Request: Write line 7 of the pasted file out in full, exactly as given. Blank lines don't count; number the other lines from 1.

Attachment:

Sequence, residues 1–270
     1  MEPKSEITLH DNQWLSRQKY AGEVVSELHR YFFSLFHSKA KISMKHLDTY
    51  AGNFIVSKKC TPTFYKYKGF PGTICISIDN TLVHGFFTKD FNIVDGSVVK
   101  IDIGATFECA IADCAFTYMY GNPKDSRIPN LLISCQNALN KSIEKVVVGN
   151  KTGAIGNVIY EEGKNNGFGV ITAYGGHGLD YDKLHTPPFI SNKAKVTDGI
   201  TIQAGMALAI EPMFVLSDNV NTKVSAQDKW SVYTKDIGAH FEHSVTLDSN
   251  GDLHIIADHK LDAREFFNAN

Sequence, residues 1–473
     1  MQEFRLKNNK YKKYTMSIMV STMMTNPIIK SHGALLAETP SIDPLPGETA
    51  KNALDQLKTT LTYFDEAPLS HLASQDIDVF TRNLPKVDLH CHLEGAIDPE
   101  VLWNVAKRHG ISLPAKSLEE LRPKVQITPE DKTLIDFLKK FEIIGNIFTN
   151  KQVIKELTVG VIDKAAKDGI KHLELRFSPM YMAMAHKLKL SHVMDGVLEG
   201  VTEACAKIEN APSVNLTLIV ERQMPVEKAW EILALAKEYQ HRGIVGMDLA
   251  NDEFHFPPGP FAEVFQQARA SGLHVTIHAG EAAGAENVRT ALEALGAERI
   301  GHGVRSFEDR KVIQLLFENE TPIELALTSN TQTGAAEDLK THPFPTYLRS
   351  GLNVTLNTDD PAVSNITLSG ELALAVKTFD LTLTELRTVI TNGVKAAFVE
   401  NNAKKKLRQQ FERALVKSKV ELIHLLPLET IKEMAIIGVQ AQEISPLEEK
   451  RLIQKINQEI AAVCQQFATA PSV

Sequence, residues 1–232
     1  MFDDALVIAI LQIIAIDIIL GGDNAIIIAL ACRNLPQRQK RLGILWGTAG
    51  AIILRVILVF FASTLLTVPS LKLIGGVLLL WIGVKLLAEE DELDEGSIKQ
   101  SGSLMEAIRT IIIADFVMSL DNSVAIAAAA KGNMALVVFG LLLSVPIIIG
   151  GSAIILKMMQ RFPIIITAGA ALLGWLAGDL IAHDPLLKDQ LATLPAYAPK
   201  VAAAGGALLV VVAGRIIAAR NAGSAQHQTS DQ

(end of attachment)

   251  GDLHIIADHK LDAREFFNAN